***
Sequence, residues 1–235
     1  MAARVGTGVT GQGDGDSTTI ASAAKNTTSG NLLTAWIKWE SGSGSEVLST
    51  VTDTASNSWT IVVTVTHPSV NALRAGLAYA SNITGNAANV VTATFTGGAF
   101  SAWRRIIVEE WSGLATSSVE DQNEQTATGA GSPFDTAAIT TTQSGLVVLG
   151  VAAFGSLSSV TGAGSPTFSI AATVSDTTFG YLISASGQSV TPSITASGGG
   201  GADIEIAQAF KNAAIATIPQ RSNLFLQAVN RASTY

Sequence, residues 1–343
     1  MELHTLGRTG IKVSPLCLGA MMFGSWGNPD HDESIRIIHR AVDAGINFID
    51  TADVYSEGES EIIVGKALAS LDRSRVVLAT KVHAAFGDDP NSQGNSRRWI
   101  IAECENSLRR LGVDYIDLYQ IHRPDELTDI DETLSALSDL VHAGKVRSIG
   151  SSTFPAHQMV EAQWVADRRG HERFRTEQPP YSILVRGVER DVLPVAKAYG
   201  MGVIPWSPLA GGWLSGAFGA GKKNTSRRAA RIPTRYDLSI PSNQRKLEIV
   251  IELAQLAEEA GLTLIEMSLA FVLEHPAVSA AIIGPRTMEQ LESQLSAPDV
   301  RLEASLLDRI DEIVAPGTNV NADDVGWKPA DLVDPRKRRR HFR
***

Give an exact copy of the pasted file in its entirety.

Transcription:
Sequence, residues 1–235
     1  MAARVGTGVT GQGDGDSTTI ASAAKNTTSG NLLTAWIKWE SGSGSEVLST
    51  VTDTASNSWT IVVTVTHPSV NALRAGLAYA SNITGNAANV VTATFTGGAF
   101  SAWRRIIVEE WSGLATSSVE DQNEQTATGA GSPFDTAAIT TTQSGLVVLG
   151  VAAFGSLSSV TGAGSPTFSI AATVSDTTFG YLISASGQSV TPSITASGGG
   201  GADIEIAQAF KNAAIATIPQ RSNLFLQAVN RASTY

Sequence, residues 1–343
     1  MELHTLGRTG IKVSPLCLGA MMFGSWGNPD HDESIRIIHR AVDAGINFID
    51  TADVYSEGES EIIVGKALAS LDRSRVVLAT KVHAAFGDDP NSQGNSRRWI
   101  IAECENSLRR LGVDYIDLYQ IHRPDELTDI DETLSALSDL VHAGKVRSIG
   151  SSTFPAHQMV EAQWVADRRG HERFRTEQPP YSILVRGVER DVLPVAKAYG
   201  MGVIPWSPLA GGWLSGAFGA GKKNTSRRAA RIPTRYDLSI PSNQRKLEIV
   251  IELAQLAEEA GLTLIEMSLA FVLEHPAVSA AIIGPRTMEQ LESQLSAPDV
   301  RLEASLLDRI DEIVAPGTNV NADDVGWKPA DLVDPRKRRR HFR